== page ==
With the Discovery Chase Team emblems being sent across the United States and countries across the Atlantic, we’d like to show you how the design began.
Originally, the plan was to submit different designs to the team who would fly space shuttles Discovery and Endeavour to their respective display sites in Virginia and California and move Atlantis to the KSC Visitor Center with the hope that they would be accepted as official emblems for the historic events.
With Discovery first in line to be sent to her new home at the Udvar-Hazy Center in Chantilly, VA, we started with the fleet leader. Here is the first design attempt -
We used images of the Vehicle Assembly Building and the tower at the Stephen F. Udvar-Hazy Center with the mated Shuttle Carrier Aircraft/Orbiter stack flying between the two to symbolize the trip Discovery will be making from one site to another. Thirty-nine stars trail the stack representing the thirty-nine spaceflights made by Discovery during her twenty-seven years of service. The design was then submitted to the SCA team at Dryden.
A fun fact to note is that the SCA/Orbiter drawing was traced and created from two separate images, as we could not find a photo that matched the vision we had for the design. It required using a separate photo of a KLM 747 taking off and creating a composite image of a combined 747/Discovery stack. The SCA paint scheme was created in the line drawing process. Since the two images didn’t line up perfectly, only one side of each vehicle was traced. The two drawings were then lined up and mirrored to produce the full SCA/Orbiter stack.
Fittingly, the image of the orbiter used for tracing was a photo from the last ferry flight of the vehicle in 2009. The September SCA flight of Discovery after her STS-128 landing in California actually became the final such flight of an operational space shuttle orbiter.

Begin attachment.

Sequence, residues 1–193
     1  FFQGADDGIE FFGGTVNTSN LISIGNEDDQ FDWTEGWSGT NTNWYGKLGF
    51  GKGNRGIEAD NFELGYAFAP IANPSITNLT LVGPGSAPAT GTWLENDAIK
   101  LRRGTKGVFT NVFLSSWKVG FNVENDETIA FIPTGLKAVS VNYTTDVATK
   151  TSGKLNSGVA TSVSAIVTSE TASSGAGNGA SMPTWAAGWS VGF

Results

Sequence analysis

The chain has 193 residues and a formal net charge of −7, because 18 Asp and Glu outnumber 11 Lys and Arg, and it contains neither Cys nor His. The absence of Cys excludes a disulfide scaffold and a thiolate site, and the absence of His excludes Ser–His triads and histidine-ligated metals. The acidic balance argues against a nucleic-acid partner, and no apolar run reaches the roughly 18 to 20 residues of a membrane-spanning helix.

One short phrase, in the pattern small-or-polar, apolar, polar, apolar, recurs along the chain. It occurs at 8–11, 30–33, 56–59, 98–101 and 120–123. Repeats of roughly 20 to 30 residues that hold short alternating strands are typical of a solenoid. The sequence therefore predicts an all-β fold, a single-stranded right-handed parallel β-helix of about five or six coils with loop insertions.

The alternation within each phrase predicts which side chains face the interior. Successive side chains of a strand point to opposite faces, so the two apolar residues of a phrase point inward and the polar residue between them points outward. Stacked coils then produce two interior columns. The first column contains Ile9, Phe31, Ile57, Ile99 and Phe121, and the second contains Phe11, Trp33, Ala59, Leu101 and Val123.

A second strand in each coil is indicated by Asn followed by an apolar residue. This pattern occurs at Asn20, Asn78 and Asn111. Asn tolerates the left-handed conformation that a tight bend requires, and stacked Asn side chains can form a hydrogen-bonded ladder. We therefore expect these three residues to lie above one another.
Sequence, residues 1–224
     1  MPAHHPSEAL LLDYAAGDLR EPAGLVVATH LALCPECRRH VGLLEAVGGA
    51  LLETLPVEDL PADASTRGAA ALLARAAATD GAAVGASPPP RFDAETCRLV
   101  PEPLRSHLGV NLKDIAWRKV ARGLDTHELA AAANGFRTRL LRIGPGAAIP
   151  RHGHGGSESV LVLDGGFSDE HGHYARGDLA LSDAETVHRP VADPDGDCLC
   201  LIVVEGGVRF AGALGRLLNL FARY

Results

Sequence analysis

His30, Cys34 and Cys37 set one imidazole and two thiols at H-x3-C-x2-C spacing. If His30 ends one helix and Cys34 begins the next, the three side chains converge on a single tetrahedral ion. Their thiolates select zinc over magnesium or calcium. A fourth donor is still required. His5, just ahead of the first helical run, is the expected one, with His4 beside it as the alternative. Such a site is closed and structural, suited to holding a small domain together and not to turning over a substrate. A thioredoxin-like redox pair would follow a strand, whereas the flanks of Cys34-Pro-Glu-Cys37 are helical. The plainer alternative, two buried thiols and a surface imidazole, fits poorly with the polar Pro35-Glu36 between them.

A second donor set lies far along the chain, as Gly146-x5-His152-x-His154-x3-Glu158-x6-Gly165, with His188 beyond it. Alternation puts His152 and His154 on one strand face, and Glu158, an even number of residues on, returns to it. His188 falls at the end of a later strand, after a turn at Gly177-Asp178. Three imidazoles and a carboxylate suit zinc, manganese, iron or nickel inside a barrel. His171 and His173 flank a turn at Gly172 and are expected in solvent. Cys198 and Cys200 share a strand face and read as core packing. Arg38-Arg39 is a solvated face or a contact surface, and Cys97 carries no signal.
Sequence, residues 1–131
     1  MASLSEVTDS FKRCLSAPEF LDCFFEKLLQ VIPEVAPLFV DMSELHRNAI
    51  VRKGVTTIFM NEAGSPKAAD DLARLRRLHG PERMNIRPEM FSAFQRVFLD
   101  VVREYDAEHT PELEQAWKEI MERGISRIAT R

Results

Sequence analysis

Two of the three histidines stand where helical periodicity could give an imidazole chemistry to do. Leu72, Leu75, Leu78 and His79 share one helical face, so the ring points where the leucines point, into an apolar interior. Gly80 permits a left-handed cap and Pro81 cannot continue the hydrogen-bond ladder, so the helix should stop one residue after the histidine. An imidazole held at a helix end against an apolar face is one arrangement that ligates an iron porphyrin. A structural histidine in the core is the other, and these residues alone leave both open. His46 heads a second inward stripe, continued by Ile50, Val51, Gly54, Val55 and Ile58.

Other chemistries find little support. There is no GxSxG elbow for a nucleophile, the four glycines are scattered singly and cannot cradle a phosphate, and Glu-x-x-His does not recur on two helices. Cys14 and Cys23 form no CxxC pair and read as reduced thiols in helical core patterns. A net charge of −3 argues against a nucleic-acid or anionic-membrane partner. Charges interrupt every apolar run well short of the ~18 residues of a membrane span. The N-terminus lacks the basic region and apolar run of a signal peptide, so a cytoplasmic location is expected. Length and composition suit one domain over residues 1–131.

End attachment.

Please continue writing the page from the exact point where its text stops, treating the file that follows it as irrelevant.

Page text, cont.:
After a few weeks of waiting and not hearing anything, we dismissed the attempt to submit the emblem designs to the SCA teams and proceeded to plan ahead with out own plans to cover Discovery’s move from KSC to the NASM in April 2012.
Eventually, we decided that, with all five members of Max-Q getting involved with the effort along with a good friend of ours who would pilot a member of the crew and much of our gear, we could have our own emblem to commemorate the events, which would see the team in both Florida and Virginia for coverage. With the previous design sitting dormant on a hard drive, we decided to continue development of the design for ourselves and add our own names to it as the “Discovery Chase Team.” Here was the next rev of the design -
While the emblem was well on its way, we knew it needed to become something more than a simple circle. One design that had inspired our lead graphics designer was the flowing ribbon of STS-128. It was decided that that same complete ribbon would be used in the DCT design to symbolize Discovery’s career coming full circle. With that, the final rev was cranked out -
The thirty-nine stars, VAB, Udvar-Hazy tower and SCA/orbiter stack were all retained (though re-arranged for visual balance) and ribbon added. The colors used in the interior of the emblem were those of the emblem used for Discovery’s maiden flight in 1984 – STS-41-B. The ribbon was painted in red and black, which are the two symbolic colors of the Max-Q team.
With the patch now produced and our plans solidified, we now wait for NASA HQ to set a firm ferry date for Discovery. We’ll be wearing this patch during the trip so keep your eyes peeled around KSC and Washington D.C. as Discovery makes one final trip!